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Latest Earthquake | Chat Share
Volker Radeloff works in the remote sensing realm of calamity.
Where there’s been war, government collapse, even massive natural and man-made disasters, Radeloff peers through aerial and satellite imagery and documents the socioeconomic aftershocks that typically follow such widescale upheaval to landscapes and land uses.
Doing exactly that, remotely sensed time series showed him where forests have replaced abandoned farm fields in northern Russia after the collapse of the Soviet Union. Where grasses flourished among the unexploded landmines that still dot the border between Armenia and Azerbaijan. Where ghost lands in the Exclusion Zone surrounding Chernobyl teemed with forests and abundant biodiversity, even in the absence of humanity.
Such views of both the past and present enable this Wildlife Ecology professor at the University of Wisconsin-Madison to project how future calamities may alter land cover and land uses.
“All this is very useful because it helps us to understand maybe less of what happens after a power plant explodes, heaven forbid, but more of what happens during times of socioeconomic shocks like this,” Radeloff said. “When there are big recessions, or revolutions of any sort that happen more often ... we can then make better predictions on how land use change and carbon sequestration and so forth may play out in the future because of these events.”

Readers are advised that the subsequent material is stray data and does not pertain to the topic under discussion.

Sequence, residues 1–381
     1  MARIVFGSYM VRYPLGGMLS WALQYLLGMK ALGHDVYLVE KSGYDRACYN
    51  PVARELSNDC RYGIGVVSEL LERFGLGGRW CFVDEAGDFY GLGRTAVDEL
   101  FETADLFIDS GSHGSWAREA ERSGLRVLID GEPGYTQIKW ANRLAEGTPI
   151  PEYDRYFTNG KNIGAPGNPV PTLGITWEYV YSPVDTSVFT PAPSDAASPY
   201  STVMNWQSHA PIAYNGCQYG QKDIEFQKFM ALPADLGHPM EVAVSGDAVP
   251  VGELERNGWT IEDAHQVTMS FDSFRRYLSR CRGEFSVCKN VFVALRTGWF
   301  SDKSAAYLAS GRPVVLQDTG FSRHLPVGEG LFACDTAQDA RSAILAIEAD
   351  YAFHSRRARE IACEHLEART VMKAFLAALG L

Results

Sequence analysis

Landsat is important in that research; in fact, Radeloff is a member of the Landsat Science Team. But he has another invaluable resource in his toolbox—thousands of declassified spy satellite images that populate the film archive at the Earth Resources Observation and Science (EROS) Center near Sioux Falls, SD.
More than 900,000 such images that are now declassified were acquired by U.S. intelligence satellites with codenames like CORONA, ARGON and LANYARD between 1960 and 1984. Formally endorsed by President Dwight D. Eisenhower, CORONA, for example, operated during the height of the Cold War, collecting hundreds of thousands of images over denied areas of eastern Europe and Asia.
Using a telescopic camera system to capture its photographs, CORONA loaded exposed film into recovery capsules and ejected them to be collected in mid-air by passing aircraft. The original film and technical mission-related documents were declassified in 1995 and are maintained today by the National Archives and Records Administration. EROS has duplicate film sources that the remote-sensing community can access.